Granting Gifting Authority: In situations where substituted judgment petitions are not required, authorizing agents to make gifts under a durable power of attorney can help mitigate the need for such actions. This authority enables representatives to effectively handle estate tax obligations in a manner that does not require court oversight, thus optimizing the estate planning process and safeguarding the personal autonomy of the individual.

Proactive estate planning enables individuals to retain authority over their affairs, even when confronted with the possibility of becoming incapacitated. By proactively implementing comprehensive strategies, individuals have the ability to secure their assets, ensure the safety of their loved ones, and mitigate the potential for legal complexities and uncertainties.

Jay Leno’s arrangement to place his wife under conservatorship poignantly illustrates the significance of preemptive estate planning. Avoid allowing uncertainty to determine your estate’s destiny. Ensure that you and your loved ones have a secure tomorrow by taking the initiative today. Keep in mind that protecting your legacy begins with careful preparation and planning.

Comprehensive estate plan package

Filippi Law Firm, P.C., provides legal services in estate planning, probate, trust administration, and trust litigation in the greater Sacramento area and Placer County, with a focus in Rocklin, Roseville, Lincoln, and Granite Bay. Give us a call at (916) 333-7910 or fill out the contact form to get in touch with our office. Consultations are free, and they can be done over the phone, via Zoom, or in person at our office in Rocklin, California.

A trust is a legal document that designates one party, referred to as the trustee, to retain and administer assets on behalf of another, known as the beneficiary. A trust agreement is a legally binding document that outlines the terms and conditions for the beneficiary’s use of the assets.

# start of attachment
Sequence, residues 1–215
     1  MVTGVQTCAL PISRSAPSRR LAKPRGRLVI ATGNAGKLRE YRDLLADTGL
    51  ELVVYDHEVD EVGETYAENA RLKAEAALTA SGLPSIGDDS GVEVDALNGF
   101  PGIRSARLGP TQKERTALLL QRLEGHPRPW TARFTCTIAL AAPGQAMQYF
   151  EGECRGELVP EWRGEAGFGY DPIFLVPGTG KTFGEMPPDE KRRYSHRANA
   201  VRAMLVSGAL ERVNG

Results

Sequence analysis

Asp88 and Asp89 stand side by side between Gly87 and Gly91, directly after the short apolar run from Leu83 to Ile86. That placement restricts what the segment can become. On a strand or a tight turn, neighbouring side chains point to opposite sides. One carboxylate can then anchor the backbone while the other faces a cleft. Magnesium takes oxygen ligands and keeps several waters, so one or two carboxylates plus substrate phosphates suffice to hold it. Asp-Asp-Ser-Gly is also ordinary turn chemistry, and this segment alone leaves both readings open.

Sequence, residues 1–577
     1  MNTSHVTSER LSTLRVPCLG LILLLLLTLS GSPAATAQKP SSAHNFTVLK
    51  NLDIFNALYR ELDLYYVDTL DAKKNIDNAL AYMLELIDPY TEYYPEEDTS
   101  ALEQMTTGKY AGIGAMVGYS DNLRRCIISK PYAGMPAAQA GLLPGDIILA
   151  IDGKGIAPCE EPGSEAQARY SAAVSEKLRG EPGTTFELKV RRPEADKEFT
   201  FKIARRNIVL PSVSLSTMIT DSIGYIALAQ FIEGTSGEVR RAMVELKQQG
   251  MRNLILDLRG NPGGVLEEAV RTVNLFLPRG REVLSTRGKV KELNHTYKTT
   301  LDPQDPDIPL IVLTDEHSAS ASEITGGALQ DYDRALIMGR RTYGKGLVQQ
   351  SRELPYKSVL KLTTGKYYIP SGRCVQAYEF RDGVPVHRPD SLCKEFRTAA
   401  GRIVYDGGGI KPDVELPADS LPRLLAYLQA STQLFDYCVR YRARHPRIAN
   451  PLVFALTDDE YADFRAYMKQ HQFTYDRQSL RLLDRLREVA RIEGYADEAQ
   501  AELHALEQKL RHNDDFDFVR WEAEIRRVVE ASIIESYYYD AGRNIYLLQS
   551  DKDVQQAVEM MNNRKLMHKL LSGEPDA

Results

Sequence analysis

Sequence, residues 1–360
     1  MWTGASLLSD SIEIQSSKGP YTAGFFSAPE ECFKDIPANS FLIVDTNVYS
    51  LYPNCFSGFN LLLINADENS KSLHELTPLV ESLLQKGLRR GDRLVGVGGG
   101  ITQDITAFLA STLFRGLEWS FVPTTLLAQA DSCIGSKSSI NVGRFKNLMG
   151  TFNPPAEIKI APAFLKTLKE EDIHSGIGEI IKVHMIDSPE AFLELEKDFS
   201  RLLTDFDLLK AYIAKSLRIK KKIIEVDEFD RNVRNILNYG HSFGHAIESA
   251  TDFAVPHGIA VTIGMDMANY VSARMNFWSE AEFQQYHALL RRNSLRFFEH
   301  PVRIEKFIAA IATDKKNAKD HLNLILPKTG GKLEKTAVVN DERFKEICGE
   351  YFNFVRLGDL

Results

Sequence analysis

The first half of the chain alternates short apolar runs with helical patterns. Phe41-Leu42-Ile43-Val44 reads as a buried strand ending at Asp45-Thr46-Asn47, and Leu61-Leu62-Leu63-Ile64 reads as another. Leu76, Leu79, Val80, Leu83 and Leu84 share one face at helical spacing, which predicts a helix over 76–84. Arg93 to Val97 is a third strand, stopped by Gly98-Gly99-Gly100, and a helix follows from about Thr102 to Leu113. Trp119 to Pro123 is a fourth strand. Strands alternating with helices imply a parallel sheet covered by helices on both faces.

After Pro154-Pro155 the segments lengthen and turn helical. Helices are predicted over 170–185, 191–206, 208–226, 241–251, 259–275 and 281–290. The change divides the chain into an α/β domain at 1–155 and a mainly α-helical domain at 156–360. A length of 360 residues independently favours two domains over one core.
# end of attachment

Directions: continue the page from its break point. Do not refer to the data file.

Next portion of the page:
The law protects certain privileges for you as a beneficiary of a trust. Even though you may not have the same authority as the trustee to manage and control the assets, it’s crucial to comprehend your rights and the appropriate methods to utilize them. In this blog post, we will go over several important rights that you have as a beneficiary to help you better understand your position within the trust.

As the beneficiary of a trust, you have the right to information, distributions, to enforce the trust, to remove the trustee, to an accounting, to challenge the trust, and to privacy. Let’s explore these more in depth.

Right to Information

You have the right to request information regarding the trust and its assets from the trustee as a beneficiary. This includes details regarding the administration of the assets, any alterations made to the trust deed, and financial statements showcasing the value of the assets.

You should also be aware of any other individuals involved in the administration or benefiting from the trust. The trust may include additional beneficiaries or co-trustees. You must have a thorough understanding of all involved parties in order to safeguard your rights as a beneficiary.

Additionally, you have the right to periodically request updates on the administration and status of the trust. This may help in notifying you of any developments or modifications that could potentially impact your rights as a beneficiary.

It is crucial to communicate with the trustee in writing and specify the information you are seeking when exercising this right. Legally, the trustee must deliver this information promptly.

When beneficiaries disagree or there are concerns regarding the management of the trust, it may be necessary to have an impartial third party, such as an attorney or accountant, evaluate and report on the trust’s management. You have the authority, as a beneficiary, to request such reviews if necessary.